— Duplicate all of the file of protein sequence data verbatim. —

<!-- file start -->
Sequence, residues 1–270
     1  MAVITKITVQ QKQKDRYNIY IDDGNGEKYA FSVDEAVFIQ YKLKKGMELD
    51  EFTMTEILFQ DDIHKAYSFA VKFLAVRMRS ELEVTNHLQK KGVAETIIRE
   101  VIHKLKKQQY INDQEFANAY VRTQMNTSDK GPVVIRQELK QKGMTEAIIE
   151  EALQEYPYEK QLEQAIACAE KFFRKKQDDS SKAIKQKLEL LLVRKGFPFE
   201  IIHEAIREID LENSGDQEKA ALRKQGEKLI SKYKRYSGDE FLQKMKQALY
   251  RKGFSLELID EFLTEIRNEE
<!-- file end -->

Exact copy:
Sequence, residues 1–270
     1  MAVITKITVQ QKQKDRYNIY IDDGNGEKYA FSVDEAVFIQ YKLKKGMELD
    51  EFTMTEILFQ DDIHKAYSFA VKFLAVRMRS ELEVTNHLQK KGVAETIIRE
   101  VIHKLKKQQY INDQEFANAY VRTQMNTSDK GPVVIRQELK QKGMTEAIIE
   151  EALQEYPYEK QLEQAIACAE KFFRKKQDDS SKAIKQKLEL LLVRKGFPFE
   201  IIHEAIREID LENSGDQEKA ALRKQGEKLI SKYKRYSGDE FLQKMKQALY
   251  RKGFSLELID EFLTEIRNEE